Text and images on this page are from our 2014 pilgrimage. Click on the pictures to see them in larger format.
Since our pilgrimage in 2000 we have tried to plan itineraries that include at least one activity or site that is a “re-enactment” kind of experience — something that gives our travelers a “hands-on” encounter with life in various Bible times. One time it was a Greco-Roman style dinner complete with costumes and pretend swordplay. Our last trip it was a camel ride and Bedouin heritage dinner at Genesis Land/Abraham’s Tent. (I was excited to learn recently that Genesis Land now also includes a Bedouin style camping experience among its possible activities. Maybe next time?) And on this trip we spent several delightful hours at Nazareth Village, a Christian educational center and open air museum that is a few blocks from the Old City area of Nazareth.
I have to admit that I was pretty skeptical about this site and not really expecting the best. (Part of that is my “just in case” familial upbringing — expect the worst and then be pleasantly surprised when things turn out well.) Even though I’d checked out their website and read some of the feedback on TripAdvisor, I wondered if it was going to end up being some kind of hokey, sub-par theme park.
But Nazareth Village was absolutely awesome. And if the number of group pictures taken of an individual site is any indication of its popularity, then this one wins without a doubt. I think I speak for all of us when I say that Nazareth Village was the highlight of our pilgrimage, and for many different reasons.
First of all, we had an engaging guide, Danny, who is a Messianic Jewish believer. Not only was he well-informed and articulate, but his commitment to Jesus, his passion for sharing the gospel, and his love of his work at the Village were shining examples of the real meaning of evangelism. I couldn’t have handpicked a better individual to show us around — another “God thing” for which I am very, very thankful.
Second, the history and design of the Village was intriguing. The surrounding area had been an open field connected to Nazareth Hospital, one of the last undeveloped areas in Nazareth. When some visionaries started to explore the grounds archaeologically, they discovered quarries and farmland (vineyard terraces, watchtowers, a wine-press carved into the bedrock, and a spring-fed irrigation system) that had existed during Greco-Roman times — roughly 200 BC to 100 AD. Since growing grapes and making wine was one of the main industries of ancient Galilee, it’s quite likely that some of Jesus’ neighbors lived and worked on this land. (I wondered if they could have supplied the wine for the wedding feast in Cana.)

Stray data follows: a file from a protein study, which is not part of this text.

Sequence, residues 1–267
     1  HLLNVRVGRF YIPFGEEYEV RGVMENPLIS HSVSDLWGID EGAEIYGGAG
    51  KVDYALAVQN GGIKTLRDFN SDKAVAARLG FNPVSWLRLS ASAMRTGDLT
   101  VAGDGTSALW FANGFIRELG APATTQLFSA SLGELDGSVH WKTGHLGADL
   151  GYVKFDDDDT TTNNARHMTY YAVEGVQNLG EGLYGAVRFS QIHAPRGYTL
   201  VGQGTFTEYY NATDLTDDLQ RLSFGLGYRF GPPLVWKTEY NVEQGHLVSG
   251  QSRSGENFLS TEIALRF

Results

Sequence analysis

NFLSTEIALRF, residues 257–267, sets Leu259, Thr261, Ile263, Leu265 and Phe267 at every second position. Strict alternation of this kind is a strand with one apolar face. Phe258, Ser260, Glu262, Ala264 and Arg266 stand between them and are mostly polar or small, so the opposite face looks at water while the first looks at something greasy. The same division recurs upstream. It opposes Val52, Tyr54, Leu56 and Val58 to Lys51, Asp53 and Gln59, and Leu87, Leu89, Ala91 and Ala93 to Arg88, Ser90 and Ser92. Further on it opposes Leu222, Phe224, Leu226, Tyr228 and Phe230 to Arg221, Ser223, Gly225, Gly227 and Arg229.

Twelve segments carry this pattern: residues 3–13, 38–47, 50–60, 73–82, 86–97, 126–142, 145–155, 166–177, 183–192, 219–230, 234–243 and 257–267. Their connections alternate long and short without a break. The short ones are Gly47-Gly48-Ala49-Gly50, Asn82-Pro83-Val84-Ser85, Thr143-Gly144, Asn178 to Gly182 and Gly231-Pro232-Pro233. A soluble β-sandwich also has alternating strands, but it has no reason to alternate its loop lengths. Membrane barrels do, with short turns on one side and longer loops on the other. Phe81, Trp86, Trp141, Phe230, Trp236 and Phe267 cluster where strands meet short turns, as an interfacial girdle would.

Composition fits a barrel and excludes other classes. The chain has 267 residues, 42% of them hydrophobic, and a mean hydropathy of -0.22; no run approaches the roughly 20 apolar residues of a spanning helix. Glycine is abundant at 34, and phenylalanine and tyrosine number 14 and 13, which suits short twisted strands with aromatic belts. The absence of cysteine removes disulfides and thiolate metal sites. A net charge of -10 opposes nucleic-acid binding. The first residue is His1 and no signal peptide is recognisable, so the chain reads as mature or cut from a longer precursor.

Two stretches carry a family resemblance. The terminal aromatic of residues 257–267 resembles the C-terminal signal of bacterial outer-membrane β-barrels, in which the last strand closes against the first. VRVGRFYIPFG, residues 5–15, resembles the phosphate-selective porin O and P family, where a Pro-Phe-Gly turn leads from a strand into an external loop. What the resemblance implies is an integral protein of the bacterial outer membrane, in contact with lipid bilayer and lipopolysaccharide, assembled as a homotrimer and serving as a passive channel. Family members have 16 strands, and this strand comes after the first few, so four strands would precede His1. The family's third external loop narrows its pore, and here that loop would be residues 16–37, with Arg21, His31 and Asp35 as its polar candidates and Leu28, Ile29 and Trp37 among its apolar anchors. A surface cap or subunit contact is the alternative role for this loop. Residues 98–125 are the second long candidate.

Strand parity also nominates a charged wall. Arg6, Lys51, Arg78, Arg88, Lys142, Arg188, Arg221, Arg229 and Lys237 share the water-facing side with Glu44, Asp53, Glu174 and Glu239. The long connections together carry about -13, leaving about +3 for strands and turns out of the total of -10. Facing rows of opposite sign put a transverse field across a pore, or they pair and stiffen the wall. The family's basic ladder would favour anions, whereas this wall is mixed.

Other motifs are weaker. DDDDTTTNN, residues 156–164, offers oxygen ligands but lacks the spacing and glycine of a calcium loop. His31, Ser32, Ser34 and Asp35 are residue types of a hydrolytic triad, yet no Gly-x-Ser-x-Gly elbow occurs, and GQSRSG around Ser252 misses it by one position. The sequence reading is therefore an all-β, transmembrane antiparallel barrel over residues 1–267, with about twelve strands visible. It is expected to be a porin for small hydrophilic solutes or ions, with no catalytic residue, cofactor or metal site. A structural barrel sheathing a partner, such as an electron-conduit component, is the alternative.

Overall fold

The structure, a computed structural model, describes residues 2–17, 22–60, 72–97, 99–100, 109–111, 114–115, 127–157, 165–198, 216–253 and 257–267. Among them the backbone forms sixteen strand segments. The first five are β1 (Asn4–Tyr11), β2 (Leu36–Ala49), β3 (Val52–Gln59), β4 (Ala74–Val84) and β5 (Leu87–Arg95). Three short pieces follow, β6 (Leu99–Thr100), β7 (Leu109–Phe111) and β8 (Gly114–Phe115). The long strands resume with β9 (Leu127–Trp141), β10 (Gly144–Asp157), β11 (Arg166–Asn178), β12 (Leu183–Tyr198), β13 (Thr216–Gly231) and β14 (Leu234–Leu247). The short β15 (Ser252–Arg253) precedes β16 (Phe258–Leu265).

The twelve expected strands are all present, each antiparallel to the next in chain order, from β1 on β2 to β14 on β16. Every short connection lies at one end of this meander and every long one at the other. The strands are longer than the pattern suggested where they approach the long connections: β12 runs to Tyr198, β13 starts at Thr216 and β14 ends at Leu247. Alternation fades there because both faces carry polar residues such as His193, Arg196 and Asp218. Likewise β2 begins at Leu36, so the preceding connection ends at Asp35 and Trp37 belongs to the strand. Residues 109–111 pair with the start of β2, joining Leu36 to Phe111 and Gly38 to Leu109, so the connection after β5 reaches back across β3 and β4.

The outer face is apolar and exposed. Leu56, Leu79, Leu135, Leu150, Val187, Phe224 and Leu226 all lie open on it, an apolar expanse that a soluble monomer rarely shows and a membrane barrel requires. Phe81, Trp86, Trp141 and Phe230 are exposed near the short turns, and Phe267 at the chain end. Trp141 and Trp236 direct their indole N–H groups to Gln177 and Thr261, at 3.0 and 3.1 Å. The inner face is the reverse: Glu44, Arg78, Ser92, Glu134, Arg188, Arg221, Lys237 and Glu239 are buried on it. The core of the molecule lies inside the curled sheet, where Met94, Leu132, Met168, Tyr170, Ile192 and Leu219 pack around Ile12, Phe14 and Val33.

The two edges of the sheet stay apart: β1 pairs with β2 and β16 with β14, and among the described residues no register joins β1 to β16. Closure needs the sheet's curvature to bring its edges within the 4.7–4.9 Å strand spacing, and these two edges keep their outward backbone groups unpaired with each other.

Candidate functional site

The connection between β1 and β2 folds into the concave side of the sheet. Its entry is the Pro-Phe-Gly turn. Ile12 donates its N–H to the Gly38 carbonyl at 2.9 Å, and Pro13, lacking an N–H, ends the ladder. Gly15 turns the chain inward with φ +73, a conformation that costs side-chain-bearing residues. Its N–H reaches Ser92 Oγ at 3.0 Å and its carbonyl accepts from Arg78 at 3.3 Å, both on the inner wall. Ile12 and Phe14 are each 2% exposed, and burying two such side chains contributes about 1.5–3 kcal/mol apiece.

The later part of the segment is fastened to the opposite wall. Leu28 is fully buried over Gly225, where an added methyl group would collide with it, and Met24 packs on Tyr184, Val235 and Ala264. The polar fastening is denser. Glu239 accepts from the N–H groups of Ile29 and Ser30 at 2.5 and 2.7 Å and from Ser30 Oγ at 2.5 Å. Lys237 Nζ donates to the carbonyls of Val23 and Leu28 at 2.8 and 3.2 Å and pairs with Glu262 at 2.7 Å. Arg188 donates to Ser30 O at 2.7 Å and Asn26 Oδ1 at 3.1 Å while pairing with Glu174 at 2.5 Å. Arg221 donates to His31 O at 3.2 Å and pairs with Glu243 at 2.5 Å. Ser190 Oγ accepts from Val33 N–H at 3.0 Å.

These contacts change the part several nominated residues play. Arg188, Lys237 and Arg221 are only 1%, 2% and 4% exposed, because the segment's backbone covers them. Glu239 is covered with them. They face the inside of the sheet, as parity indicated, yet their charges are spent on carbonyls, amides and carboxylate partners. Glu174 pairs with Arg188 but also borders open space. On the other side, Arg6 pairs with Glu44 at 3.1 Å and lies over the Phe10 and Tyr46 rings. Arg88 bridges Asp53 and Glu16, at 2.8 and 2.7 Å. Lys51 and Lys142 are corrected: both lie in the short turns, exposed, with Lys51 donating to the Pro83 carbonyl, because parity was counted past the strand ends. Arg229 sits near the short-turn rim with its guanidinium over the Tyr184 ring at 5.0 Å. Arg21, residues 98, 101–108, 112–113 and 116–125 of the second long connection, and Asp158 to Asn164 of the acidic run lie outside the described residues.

As the Village website puts it, once these treasures were discovered beneath the ground “the dream of showing the world what Nazareth was like in the time of Jesus was born.” Our group appreciated the painstaking detail and historical accuracy evident in each of the reconstructed locations. Starting from the welcome center, we walked downhill past a number of family groupings — three children playing a game of “catch” and a father pushing his daughter on a swing.
A bit further down the hill there was a large old olive tree. It was a nice shady spot for a stop and a lesson about olive cultivation.
At the bottom of the hill there was a large enclosure where a shepherd watched his flock. And off to the side was a replica of a tomb with a circular stone covering the entrance — a typical example from Jesus’ time and the kind probably used for his own burial.
Halfway back up the hill near the ancient wine-press was the reconstructed watchtower. Since the image of the watchtower was used by both the prophet Isaiah (Isaiah 5:1-3) and in one of Jesus’ parables (Matthew 21:33-41), this was great addition to the Village.
Buildings at the top of the hill included the typical home (with living area on the roof) and workshop …
an olive oil press …
and a synagogue, which was amazingly cool on this warm, sunny day.
I had a profound spiritual experience during our time in the synagogue. While Danny was teaching about Jesus and his first sermon at the synagogue in Nazareth, he read — as Jesus did — from the scroll of Isaiah (61:1-3). As he got to the part about “freedom for the captives” and “release of prisoners from the darkness” his voice cracked. I imagine he was remembering his own conversion to faith in Jesus as the Messiah, just as I was remembering my own release from the bondage of long-standing sin when I was in my early 30s.
But it also hit me — and hit me hard — in another way. I have always pictured Jesus in this scene reading this Scripture passage with holy conviction, boldness and authority. But this time I saw Him reading it humbly, realizing the enormity of the task He had been given and knowing He could only accomplish it by relying, as we do, on the presence and power of His Father. Since I have a tendency to sometimes be arrogant in my “rightness,” I really needed this particular lesson.
Finally, all of us were so impressed by the ministry that is accomplished at the Village. For example, not all of the kids that volunteer are Christian; many of them come from Arab Muslim homes. (Here is a sweet video in which some of them share why they have volunteered.) They are provided not only with a day of fun and godly fellowship, but they are also exposed — gently — to the true story of Jesus and the gospel message.
Thousands of school children in the region and visitors from all around the world have also visited the site since it opened in 2000. We were happy to support this vital outreach by spending our money in the gift shop, which included many crafts handmade by local residents, and we also made a sizable group contribution that has been recognized with a “builders brick” on one of the public walkways.
Click here for more group pictures of Nazareth Village.